Friday, July 19, 2019

James Connolly, 12th July 1913

James Connolly2.jpg

A few months after the huge public events which saw the signing of the Ulster Solemn League and Covenant in September 1912, James Connolly was in Belfast on 12 July 1913, watching what he called the 'Orange Walk' - a term less militaristic than 'march' or maybe even 'parade' – and 'walk' is the term still used in Scotland to this day.

He wrote a lengthy article about what he saw and his reflections upon it. The whole piece makes for fascinating reading and is online here. If you have an interest in such things I would strongly encourage you to read it.

It's not just about the 12th, but goes back to the Plantation era, the Glorious Revolution, and the experiences of the 1700s and 1800s. He was very obviously well-read - how many 'Ulster Prods' either back then or today know about Andrew Stewart's History? It's been reprinted and is available here.

I wonder how much of an influence the Milligan family had been on his thinking? Connolly met Alice Milligan in the mid 1890s and her brother Ernest - who would later publish a small collection of Ulster-Scots flavoured poems – helped Connolly set up socialist organisations in Belfast and sold copies of The Workers Republic for him. (back in early 2018 I posted a series of articles here about the Milligans – see here).

There are points in the article where I disagree with him, there are points where I think he misses key ideas, but overall there's a lot there that I do agree with. He can see the differences of social class between those who carried out the Plantation of Ulster, and those who migrated to people it. He can see the 'three cultural strands' of Irish, English and Scottish. Being Edinburgh-born, to County Monaghan parents, maybe his own circumstances enabled him to understand. He could express admiration for aspects of the 12th and also level criticism. He could see some of the contrasts and contradictions within Ulster Protestant Unionism. He had bothered to read, listen, learn and think.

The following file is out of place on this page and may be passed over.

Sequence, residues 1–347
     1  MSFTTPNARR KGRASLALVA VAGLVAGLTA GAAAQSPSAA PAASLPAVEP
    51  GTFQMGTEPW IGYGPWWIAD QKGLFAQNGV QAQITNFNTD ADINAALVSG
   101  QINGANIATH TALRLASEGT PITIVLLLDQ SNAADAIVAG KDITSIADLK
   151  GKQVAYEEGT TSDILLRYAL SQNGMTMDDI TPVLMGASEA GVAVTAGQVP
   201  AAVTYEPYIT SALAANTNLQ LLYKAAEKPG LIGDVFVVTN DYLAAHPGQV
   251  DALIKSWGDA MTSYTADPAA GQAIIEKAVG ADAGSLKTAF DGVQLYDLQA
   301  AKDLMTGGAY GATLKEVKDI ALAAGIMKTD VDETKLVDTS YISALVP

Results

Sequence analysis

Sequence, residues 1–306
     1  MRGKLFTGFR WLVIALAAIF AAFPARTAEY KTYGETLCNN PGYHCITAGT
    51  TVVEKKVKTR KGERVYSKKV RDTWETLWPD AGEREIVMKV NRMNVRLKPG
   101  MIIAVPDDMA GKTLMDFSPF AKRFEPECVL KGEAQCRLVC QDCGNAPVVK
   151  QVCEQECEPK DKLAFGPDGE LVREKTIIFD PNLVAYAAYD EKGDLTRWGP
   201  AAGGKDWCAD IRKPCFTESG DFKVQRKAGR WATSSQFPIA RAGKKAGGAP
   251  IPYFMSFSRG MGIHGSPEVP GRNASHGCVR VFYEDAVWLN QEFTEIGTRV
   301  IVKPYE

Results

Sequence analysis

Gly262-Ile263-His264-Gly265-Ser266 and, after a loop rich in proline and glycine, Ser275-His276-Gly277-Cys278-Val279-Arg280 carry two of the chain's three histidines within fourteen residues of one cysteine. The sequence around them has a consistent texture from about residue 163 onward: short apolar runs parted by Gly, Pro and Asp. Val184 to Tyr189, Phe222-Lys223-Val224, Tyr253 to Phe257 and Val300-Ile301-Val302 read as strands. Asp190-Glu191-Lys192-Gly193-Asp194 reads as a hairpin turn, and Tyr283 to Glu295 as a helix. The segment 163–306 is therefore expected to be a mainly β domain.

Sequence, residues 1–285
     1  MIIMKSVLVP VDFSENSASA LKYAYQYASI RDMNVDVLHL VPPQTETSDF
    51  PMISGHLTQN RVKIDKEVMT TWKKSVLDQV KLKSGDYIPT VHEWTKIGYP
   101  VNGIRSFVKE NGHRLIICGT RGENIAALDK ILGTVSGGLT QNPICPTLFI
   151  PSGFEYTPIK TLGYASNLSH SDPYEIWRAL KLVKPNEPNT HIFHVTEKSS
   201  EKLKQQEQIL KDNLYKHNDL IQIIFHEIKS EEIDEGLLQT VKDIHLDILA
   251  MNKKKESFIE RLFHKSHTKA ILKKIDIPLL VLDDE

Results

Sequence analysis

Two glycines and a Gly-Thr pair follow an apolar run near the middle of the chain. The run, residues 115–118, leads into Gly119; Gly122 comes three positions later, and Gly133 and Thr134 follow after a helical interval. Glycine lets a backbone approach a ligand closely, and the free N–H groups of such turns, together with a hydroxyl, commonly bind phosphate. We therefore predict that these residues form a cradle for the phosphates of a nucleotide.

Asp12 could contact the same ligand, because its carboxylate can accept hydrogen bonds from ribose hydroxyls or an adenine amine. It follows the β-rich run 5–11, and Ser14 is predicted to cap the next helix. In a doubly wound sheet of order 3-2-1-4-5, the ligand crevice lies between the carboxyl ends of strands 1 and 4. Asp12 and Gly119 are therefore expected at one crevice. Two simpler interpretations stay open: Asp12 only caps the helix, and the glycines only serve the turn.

... The reader should remember what is generally slurred over in narrating this part of Irish history, that when we are told that Ulster was planted by Scottish Presbyterians, it does not mean that the land was given to them. On the contrary, the vital fact was, and is, that the land was given to the English noblemen and to certain London companies of merchants who had lent money to the Crown, and that the Scottish planters were only introduced as tenants of these landlords ... 
... Nor did the victory at the Boyne mean Civil and Religious Liberty… In 1704 Derry was rewarded for its heroic defence by being compelled to submit to a Test Act, which shut out of all offices in the Law, the Army, the Navy, the Customs and Excise, and Municipal employment, all who would not conform to the Episcopalian Church. The alderman and fourteen burgesses are said to have been disfranchised in the Maiden City by this iniquitous Act, which was also enforced all over Ireland. Thus, at one stroke, Presbyterians, Quakers, and all other dissenters were deprived of that which they had imagined they were fighting for at “Derry, Aughrim, and the Boyne.” …

Less than six months after the article was published, by the end of 1913 Connolly had helped to found the Irish Citizen Army, and so began the road which would lead to the Easter Rising, and his death by firing squad. History is full of 'what if' scenarios...